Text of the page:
• Why You Should Act Now to Protect Your Intellectual Property in Canada
  • March 23, 2016 | Author: Lisa Statt Foy
  • Law Firm: Field Law - Calgary Office
  • Significant amendments to Canada’s Trademarks Act (the “Act”) have been passed, but are not yet in effect. The legislative changes are rumored to come into effect sometime in early 2018, which - if filed soon - may be sufficient time to allow an application to proceed to registration.

    We believe there are several benefits to Canadian business owners applying now:

    1) Lower Application and Registration Fees

    Applications under the new regime will require goods and services to be divided into Nice classification categories. Canada currently has a one-time filing fee of $250 and a one-time registration fee of $200 - irrespective of the numbers of international classes. It is unknown whether “per class” fees will be introduced under the new legislation - but it seems likely.

    2) Longer Registration Term

    Canada currently enjoys a 15 year renewable term- but the new legislation reduces registration to a 10 year renewable term. However, if an application proceeds to registration prior to the coming into force of the new legislation, it is believed that the Registry will honour the 15 year registration period. However, only applications filed at least 12 - 18 months before the amendments come into effect have any chance of still obtaining a 15 year registration term.

    3) No Uncertainty from Applications Being Caught Midstream in the Changeover

    We expect that currently pending or about-to-be-filed applications, that are even one day short of being advertised when the amendments come into effect, may have to be amended, including categorizing the goods and services claims into the Nice classifications. (However, it is unclear how such amendments would take place in the event that the application is already approved for publication, but not yet advertised.)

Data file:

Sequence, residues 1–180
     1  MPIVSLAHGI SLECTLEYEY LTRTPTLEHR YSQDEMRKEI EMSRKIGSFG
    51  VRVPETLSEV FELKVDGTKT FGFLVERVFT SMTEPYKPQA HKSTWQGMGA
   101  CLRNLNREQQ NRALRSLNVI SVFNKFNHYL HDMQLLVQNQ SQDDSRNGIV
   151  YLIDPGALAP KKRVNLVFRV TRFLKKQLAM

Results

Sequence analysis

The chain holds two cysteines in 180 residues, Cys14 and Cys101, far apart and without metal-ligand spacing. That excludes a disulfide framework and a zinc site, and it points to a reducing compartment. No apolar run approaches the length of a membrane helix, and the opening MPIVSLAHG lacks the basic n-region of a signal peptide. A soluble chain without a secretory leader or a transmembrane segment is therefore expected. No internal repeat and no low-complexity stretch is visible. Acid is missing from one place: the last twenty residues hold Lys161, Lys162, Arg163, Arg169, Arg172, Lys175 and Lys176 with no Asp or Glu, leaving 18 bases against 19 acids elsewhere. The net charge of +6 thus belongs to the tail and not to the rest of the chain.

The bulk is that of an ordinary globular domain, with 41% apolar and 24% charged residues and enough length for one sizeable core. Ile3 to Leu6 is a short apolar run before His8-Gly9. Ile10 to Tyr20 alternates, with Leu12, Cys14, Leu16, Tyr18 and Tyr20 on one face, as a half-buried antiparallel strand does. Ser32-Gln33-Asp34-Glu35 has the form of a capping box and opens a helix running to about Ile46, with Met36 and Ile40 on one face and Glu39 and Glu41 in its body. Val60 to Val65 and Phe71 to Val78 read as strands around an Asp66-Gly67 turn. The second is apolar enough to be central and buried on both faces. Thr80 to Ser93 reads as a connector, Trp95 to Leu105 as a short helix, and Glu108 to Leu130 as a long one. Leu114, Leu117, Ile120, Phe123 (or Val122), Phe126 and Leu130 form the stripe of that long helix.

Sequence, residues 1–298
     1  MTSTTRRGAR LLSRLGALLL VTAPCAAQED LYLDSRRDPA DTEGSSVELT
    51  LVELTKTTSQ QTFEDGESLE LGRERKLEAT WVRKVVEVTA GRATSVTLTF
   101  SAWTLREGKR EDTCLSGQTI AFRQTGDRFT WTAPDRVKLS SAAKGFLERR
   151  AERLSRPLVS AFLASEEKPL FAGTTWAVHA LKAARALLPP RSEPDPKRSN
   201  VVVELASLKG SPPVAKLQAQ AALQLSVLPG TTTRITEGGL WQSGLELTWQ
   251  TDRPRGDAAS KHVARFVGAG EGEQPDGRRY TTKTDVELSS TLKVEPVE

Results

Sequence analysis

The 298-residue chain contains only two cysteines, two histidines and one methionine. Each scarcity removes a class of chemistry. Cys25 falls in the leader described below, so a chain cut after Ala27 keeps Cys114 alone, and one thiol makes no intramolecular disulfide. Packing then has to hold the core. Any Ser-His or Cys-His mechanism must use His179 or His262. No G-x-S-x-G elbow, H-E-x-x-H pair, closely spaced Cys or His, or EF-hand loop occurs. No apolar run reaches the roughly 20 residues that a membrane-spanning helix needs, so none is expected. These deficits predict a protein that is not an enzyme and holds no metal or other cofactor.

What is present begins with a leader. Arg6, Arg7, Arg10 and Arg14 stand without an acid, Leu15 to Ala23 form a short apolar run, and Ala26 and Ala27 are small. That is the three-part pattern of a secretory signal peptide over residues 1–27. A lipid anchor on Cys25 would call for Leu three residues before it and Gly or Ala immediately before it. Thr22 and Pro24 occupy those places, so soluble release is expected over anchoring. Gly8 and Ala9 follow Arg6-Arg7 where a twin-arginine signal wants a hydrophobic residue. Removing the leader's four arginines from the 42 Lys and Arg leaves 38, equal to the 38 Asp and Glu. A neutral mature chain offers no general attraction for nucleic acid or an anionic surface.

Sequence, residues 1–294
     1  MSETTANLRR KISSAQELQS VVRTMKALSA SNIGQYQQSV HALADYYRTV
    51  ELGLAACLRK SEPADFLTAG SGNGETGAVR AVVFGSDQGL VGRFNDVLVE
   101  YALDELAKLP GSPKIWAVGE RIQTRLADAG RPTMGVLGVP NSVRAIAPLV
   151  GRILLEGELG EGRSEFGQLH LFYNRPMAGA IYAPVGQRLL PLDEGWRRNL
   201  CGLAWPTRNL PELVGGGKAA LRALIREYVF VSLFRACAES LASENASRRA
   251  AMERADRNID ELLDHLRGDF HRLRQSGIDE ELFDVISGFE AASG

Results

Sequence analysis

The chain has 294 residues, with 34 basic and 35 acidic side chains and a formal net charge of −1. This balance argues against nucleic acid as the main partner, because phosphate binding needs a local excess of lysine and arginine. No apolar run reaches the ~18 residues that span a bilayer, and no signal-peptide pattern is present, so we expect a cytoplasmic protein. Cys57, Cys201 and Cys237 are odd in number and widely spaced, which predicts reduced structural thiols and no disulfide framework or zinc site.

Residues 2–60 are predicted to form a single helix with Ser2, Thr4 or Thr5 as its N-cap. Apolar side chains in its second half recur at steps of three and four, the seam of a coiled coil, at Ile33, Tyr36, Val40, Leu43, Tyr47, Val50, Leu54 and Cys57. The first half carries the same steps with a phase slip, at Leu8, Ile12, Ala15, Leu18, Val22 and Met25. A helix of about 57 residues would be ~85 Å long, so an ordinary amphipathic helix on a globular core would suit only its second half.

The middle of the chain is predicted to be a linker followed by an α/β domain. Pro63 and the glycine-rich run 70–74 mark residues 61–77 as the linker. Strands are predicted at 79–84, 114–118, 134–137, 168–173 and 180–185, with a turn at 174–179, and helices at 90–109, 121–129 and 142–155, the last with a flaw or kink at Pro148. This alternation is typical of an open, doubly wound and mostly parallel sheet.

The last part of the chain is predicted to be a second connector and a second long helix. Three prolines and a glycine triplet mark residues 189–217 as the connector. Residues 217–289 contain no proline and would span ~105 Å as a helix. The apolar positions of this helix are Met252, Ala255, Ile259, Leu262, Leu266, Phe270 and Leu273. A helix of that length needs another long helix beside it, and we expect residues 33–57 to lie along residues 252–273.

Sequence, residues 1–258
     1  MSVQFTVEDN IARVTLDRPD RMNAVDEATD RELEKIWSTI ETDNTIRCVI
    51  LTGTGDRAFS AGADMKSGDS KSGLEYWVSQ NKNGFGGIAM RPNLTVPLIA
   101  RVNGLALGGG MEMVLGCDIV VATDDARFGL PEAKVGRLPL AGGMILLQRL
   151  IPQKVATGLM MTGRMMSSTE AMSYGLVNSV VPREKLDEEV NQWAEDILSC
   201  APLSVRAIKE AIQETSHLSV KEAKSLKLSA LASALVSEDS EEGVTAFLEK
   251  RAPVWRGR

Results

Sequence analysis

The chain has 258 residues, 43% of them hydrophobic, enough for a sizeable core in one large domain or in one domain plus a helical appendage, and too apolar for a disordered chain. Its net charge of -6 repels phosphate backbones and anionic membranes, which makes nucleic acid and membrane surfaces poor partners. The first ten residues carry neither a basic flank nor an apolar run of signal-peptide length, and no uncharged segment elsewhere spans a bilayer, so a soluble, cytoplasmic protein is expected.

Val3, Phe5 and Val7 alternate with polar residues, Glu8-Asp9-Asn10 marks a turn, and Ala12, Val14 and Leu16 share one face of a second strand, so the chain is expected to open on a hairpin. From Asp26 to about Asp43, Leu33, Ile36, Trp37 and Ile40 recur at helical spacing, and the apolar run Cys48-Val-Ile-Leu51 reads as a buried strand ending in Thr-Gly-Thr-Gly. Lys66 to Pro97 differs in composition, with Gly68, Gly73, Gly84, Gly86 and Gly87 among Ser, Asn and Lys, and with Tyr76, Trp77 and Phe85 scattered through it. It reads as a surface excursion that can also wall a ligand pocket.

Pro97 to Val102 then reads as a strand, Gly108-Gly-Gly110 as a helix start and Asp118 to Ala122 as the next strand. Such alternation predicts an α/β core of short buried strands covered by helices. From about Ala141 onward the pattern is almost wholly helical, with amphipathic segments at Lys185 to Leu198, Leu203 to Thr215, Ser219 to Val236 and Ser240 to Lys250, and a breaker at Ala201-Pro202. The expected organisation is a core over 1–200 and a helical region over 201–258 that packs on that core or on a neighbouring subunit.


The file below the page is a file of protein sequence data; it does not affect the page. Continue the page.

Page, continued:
4) Reduced Cost for Availability/Freedom to Operate Searches

    The requirement to claim and demonstrate “use” of the trademark as a basis for registration, either in Canada or as part of application/registration and use in the home country, is eliminated under the new legislation. This may fill the register with frivolous registrations, for which there is no helpful use information. This would have the unfortunate effect of making availability/freedom to operate searching in Canada more expensive and less certain, as it may not be as easy to discover if a potentially-conflicting mark was or is being used, without significant marketplace investigation.

    For these reasons, it is wise for business owners to file trademark applications now. Even where your trademark is not currently being used in Canada, filing a prospective (proposed) application now would secure the benefit of an earlier “placeholder” application date for a mark that you may wish to use in the future.

    If you wish to further discuss whether your business would benefit from securing IP rights now, please contact us to specifically discuss if trademark registration is right for your business.